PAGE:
SteelSeries Apex 5 Review

SteelSeries Apex 5 Review

When I stopped playing music so religiously I’d figured that would’ve been the end of me using so many keyboards, yet here I am with another keyboard (of a different persuasion) review. If you read my review for the SteelSeries Apex 3 (which you can read here), you’d know that I now hold SteelSeries in pretty high regard having now used some of their peripherals. After many, many hours of using the Apex 5 mechanical keyboard, this continues to be true. The Apex 5 is tactile, precise and flexible, and fits the higher price of entry due to its comfortable switches and surprisingly useful OLED screen which can most definitely be used for displaying your favourite memes.

In contrast to the Apex 3, which featured quiet mechanical keys, the Apex 5 makes no such compromises and willfully treats your ears to the cacophony of clicks that are mechanical keys. In saying that, the keys aren’t intrusively loud, but have that satisfying clack that’ll make you feel like Jack Torrance from The Shining. This is thanks to SteelSeries implementing custom, hybrid keys which are based on Cherry MX Blues, where an audible response and satisfying tactile feedback are characteristic of the key switch itself. The Apex 5 is still your standard keyboard size and features all the bells and whistles, including the tactile volume wheel and media key that were so detrimental to my productivity with the Apex 3. Unlike the Apex 3, however, the RGB illumination on the Apex 5 is much better. I’ve always been a fan of per-key illumination and it was probably one of my bigger personal gripes with the Apex 3 (though not a fundamental fault with the keyboard itself). Also, for a keyboard that doesn’t feature a recessed illumination plate, the light spill is actually pretty minimal. Where a lot of keyboards just have their RGB lighting bleed all over the place, the lighting method implemented by SteelSeries here is still quite neat and that fact that this is all still while affording per-key illumination makes it all the better.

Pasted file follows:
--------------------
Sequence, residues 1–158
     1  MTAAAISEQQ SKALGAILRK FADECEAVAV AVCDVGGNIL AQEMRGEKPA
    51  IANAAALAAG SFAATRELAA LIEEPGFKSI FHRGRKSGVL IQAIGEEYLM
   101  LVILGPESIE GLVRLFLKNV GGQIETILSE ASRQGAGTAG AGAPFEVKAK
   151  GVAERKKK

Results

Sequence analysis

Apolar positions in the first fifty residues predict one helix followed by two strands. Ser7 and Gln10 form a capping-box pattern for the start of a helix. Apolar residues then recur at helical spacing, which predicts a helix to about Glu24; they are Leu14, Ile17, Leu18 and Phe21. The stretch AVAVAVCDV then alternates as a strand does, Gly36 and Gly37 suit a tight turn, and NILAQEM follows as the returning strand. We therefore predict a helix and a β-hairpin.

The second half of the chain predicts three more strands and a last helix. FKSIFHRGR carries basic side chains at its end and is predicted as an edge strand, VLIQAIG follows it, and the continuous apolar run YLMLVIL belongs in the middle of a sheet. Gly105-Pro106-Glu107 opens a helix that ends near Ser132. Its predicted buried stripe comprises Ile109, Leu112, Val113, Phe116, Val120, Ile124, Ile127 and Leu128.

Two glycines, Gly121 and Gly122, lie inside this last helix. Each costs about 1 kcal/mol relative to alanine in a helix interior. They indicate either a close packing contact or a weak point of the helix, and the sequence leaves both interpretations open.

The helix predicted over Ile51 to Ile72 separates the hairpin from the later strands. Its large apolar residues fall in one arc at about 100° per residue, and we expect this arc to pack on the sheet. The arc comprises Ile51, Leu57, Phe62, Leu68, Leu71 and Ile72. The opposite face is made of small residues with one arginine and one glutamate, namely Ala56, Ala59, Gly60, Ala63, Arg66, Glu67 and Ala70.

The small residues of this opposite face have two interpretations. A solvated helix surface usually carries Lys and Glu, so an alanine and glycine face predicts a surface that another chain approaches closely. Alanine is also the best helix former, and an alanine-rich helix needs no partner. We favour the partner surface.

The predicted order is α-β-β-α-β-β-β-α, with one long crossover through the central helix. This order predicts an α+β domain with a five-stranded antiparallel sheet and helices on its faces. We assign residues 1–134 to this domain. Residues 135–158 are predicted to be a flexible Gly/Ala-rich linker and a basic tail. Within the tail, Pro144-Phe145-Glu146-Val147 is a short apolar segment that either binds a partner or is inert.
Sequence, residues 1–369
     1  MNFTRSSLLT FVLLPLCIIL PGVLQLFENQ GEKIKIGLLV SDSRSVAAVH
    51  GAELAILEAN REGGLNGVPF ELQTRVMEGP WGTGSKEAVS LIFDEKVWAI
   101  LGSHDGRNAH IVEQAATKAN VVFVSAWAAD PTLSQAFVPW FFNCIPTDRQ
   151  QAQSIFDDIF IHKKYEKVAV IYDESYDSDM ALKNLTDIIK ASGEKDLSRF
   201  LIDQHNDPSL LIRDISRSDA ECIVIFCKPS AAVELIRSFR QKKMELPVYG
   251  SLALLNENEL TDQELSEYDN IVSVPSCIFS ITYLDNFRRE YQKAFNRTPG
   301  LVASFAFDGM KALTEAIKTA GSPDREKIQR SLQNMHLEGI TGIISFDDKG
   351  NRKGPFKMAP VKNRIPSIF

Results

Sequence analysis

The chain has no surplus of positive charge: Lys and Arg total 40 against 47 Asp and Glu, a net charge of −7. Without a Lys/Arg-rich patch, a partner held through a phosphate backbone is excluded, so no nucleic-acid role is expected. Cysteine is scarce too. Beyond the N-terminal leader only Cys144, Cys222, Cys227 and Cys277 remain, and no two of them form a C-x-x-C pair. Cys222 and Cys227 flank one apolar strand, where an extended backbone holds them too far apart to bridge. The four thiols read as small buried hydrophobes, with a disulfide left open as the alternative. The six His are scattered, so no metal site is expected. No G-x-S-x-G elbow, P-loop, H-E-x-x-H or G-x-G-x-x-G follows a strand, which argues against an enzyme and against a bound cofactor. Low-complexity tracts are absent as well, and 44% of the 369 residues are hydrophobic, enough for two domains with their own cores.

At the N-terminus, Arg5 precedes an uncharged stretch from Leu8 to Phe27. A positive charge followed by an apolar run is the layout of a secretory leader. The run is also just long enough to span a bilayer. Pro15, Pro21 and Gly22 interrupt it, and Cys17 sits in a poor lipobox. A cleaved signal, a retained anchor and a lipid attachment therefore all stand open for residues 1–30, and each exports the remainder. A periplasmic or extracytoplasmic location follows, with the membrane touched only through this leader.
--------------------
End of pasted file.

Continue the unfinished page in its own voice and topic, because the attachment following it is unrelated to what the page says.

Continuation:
On to the build quality, and this is where SteelSeries find themselves being incredibly consistent. Much like the Apex 3, the Apex 5 has a durable top plate to protect the keyboard from you dropping your phone on it like a dud. Unlike the Apex 3, the keys sit in the top plate and not in a recessed panel. This makes cleaning and keycap switching much easier. I much prefer this as you’d be amazed at how quickly keyboards can get hair and dust all throughout them, the ability to easily clean your keyboard is great for wanting to make it last as long as possible. There are also exposed screws on the top plate which means you theoretically could replace the top plate but there aren’t any Troll and I top plates so I have not bothered.

Now, let’s move on to the OLED display. When I first started using this keyboard I found it pretty pointless. I installed the SteelSeries engine and there were some pretty cool little apps that worked with it, like Tidal (who uses Tidal?) and Discord, sadly no Spotify…yet. I was pretty underwhelmed until I saw that you could actually make your own apps for it. Given how I love spending time on pointless things, I immediately tried to get a Spotify app working on the OLED screen…and it worked (for about 20 minutes then some of the scriptings got borked and I never bothered to fix it). Regardless, it is really cool that SteelSeries allows you to make your own applications for the OLED display. You can also have system monitoring displayed as well as the most important of them all, memes. There’s nothing else to say here. You can display memes on the OLED display (just not in full colour).

There isn’t a whole lot else to say about the SteelSeries Apex 5. It’s rigid, tactile, satisfyingly sleek and simple. It does away with a lot of bells and whistles that can make some higher-end keyboard clunky and confusing and instead refines the standard keyboard experience while also giving the user the freedom to customise nearly everything on a software level. Ranging from custom blue mechanical key switches (which feel great to use) to putting your favourite shocked Pikachu on the included OLED display, the SteelSeries Apex 5 has to be my favourite keyboard to date.

Jordan lives and breathes Dark Souls, even though his favourite game is Bloodborne. He takes pride in bashing his face on walls and praising the sun. Hailing from the land of tacos, he is the token minority for WellPlayed.